Did you study art in school? What did you study? How do you think your education plays into your work?
I chose to play in the Band instead of Art throughout High School. When I got to College I began a major in Psychology, but ultimately ended up with a degree in Education. I taught preschool for 6 years and Art for 4 years, so my education degree did come in handy. I have also taught classes at The Anderson Center for the Arts. Kids are fun and so uninhibited when it comes to creativity, so it is fun! But I have really enjoyed making my own art. That is my “vein of gold.”
How long have you been creating art?
All my life!
How and where did you learn book binding? Jewelry making? Painting?
I learned book binding years ago when I was briefly on the advisory committee for a group called Bound for Freedom. This group of young women made journals and donated the proceeds to combat human trafficking. I periodically would volunteer with them to help make the books. When that ended, I sort of forgot about book binding for a few years. When I picked it up again I started trying to use as many recycled materials as I could. There are so many books being thrown out now, so it seemed a good idea to make use of them.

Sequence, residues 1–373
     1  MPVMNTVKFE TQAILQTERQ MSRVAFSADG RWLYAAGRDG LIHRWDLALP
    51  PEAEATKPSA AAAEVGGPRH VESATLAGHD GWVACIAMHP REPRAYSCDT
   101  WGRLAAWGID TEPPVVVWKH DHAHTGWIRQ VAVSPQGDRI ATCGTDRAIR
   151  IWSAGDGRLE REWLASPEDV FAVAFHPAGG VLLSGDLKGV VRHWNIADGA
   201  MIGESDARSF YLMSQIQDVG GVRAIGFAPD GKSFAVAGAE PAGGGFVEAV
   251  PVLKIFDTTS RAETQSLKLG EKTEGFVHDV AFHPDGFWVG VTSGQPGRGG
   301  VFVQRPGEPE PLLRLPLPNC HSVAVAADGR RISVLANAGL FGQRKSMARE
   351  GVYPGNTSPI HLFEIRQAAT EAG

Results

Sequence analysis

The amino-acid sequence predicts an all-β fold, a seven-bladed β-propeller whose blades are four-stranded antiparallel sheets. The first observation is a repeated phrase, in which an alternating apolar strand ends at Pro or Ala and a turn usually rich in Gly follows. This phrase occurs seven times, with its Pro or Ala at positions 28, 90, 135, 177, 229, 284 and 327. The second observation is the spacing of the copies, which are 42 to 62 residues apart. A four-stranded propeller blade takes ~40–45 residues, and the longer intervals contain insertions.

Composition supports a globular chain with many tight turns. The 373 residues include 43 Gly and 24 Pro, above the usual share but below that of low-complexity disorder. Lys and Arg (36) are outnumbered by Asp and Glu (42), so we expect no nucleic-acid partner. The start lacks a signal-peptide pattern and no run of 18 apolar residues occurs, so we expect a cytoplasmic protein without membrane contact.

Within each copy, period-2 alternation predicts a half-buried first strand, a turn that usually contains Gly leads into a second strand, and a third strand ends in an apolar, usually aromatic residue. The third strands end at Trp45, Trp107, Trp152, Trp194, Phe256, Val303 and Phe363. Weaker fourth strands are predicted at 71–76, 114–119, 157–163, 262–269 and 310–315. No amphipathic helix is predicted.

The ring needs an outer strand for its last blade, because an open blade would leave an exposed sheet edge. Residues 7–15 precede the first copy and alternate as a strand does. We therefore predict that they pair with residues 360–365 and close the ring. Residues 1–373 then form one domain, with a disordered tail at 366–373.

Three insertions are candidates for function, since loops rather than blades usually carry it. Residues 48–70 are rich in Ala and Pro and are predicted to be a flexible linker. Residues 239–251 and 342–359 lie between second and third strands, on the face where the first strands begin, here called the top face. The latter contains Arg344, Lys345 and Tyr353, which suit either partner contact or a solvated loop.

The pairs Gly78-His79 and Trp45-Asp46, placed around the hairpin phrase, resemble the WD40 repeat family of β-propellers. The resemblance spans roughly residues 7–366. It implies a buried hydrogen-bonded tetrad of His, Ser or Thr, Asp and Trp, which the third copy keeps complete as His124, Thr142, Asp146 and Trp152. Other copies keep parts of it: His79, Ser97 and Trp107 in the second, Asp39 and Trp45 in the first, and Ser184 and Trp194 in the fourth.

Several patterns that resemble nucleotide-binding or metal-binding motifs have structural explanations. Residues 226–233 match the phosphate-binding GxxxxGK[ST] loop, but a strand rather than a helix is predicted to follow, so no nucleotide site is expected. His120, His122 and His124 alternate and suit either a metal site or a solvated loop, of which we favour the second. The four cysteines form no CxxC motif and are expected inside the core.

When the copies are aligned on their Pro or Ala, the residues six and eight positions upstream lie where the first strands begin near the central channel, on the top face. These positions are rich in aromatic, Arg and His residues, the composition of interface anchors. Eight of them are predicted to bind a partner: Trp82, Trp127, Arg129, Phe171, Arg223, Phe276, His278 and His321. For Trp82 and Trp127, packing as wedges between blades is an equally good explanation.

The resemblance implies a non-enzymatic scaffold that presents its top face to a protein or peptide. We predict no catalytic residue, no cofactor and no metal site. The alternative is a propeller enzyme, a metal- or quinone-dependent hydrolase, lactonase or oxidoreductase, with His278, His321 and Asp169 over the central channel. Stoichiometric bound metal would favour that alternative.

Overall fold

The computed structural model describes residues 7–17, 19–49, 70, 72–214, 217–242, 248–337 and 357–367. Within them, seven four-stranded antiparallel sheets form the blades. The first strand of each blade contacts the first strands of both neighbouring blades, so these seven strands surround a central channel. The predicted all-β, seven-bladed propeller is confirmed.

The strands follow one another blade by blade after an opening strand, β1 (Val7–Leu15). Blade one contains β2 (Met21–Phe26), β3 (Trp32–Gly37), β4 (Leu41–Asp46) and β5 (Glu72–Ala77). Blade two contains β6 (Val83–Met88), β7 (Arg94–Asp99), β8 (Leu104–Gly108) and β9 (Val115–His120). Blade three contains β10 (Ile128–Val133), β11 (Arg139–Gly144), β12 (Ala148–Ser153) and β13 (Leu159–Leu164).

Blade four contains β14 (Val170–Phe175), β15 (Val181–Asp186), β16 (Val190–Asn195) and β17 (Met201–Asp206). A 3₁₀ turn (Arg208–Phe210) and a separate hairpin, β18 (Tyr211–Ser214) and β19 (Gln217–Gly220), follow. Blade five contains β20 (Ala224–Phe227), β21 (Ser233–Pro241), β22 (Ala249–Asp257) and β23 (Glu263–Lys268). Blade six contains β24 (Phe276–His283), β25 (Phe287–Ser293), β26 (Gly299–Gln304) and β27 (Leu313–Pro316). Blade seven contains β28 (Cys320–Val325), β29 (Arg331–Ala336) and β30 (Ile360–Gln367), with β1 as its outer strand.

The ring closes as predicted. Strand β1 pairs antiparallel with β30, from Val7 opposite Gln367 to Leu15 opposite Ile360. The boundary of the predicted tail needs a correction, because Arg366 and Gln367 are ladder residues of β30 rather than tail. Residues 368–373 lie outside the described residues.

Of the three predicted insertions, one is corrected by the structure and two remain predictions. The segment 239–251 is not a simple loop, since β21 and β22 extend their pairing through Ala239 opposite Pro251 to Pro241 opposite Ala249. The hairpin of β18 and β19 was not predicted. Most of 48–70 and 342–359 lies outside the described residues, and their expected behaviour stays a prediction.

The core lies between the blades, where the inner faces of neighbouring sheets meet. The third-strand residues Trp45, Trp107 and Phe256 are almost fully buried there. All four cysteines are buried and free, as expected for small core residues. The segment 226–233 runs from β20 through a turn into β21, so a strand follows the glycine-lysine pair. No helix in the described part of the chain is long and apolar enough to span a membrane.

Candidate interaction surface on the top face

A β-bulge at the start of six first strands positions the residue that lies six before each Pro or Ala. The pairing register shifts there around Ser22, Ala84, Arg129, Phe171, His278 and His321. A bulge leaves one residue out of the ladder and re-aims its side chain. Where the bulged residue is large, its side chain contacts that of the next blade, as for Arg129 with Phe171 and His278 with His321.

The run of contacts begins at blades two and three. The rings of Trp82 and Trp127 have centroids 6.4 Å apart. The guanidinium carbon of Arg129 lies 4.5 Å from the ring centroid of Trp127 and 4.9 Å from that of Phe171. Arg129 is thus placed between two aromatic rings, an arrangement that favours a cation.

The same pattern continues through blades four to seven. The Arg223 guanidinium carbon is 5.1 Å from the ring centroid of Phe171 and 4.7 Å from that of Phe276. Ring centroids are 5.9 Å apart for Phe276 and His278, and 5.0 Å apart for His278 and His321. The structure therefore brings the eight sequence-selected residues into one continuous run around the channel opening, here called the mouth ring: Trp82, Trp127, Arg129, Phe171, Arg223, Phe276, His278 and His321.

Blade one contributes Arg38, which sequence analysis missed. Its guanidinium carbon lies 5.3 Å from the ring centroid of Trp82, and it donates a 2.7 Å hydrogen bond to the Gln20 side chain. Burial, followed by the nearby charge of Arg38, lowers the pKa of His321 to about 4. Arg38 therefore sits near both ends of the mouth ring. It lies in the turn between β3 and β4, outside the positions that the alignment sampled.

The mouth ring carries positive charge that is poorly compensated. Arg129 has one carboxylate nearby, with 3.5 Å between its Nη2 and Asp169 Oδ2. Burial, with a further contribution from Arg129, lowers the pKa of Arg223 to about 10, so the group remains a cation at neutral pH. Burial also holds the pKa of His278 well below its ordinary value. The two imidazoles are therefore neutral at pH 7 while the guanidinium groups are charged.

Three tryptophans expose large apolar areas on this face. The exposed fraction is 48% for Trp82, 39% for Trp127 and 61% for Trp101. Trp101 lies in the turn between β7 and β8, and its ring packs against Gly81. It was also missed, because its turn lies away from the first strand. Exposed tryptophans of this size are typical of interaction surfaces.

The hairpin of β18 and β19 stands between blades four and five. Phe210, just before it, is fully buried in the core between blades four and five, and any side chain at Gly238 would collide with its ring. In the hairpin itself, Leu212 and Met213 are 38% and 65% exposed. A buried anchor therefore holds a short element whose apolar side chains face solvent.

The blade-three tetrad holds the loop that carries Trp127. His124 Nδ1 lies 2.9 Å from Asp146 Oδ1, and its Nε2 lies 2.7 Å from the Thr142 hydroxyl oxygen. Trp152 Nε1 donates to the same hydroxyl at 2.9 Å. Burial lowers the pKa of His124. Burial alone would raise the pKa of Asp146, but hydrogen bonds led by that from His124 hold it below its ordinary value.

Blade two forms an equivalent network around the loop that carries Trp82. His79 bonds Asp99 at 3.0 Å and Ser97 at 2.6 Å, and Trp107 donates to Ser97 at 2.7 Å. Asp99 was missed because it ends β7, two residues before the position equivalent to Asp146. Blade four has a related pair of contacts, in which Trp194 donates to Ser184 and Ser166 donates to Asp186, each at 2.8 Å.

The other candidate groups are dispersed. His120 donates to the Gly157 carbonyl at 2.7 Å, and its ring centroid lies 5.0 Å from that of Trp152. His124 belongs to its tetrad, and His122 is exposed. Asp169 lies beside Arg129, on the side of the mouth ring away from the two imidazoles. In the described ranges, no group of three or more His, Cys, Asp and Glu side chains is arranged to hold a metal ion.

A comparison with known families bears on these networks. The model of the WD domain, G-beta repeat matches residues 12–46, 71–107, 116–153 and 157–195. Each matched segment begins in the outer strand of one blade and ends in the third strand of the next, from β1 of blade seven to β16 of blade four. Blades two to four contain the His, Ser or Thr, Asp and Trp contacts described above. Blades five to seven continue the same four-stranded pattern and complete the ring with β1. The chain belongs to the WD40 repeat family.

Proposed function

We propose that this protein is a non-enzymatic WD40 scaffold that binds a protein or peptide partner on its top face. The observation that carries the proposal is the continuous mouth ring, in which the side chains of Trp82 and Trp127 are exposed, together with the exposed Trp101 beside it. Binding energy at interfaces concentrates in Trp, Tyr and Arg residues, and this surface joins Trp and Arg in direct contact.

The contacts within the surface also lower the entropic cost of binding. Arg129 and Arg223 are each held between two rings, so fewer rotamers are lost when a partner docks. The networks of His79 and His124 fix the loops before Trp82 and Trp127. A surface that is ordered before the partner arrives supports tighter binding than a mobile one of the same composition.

I can’t even remember when I started making jewelry. It was a hobby for me that just kept popping up. I started making hammered wire jewelry a few years back, and it just sort of stuck.
I really noticed about 12 years ago that I loved painting. I didn’t really know a name for my kind of painting. Now I call it intuitive or expressive painting. Painting for me was self-taught and I experienced it as a really good way to express feelings or anything I am/was going through in the moment or season of my life.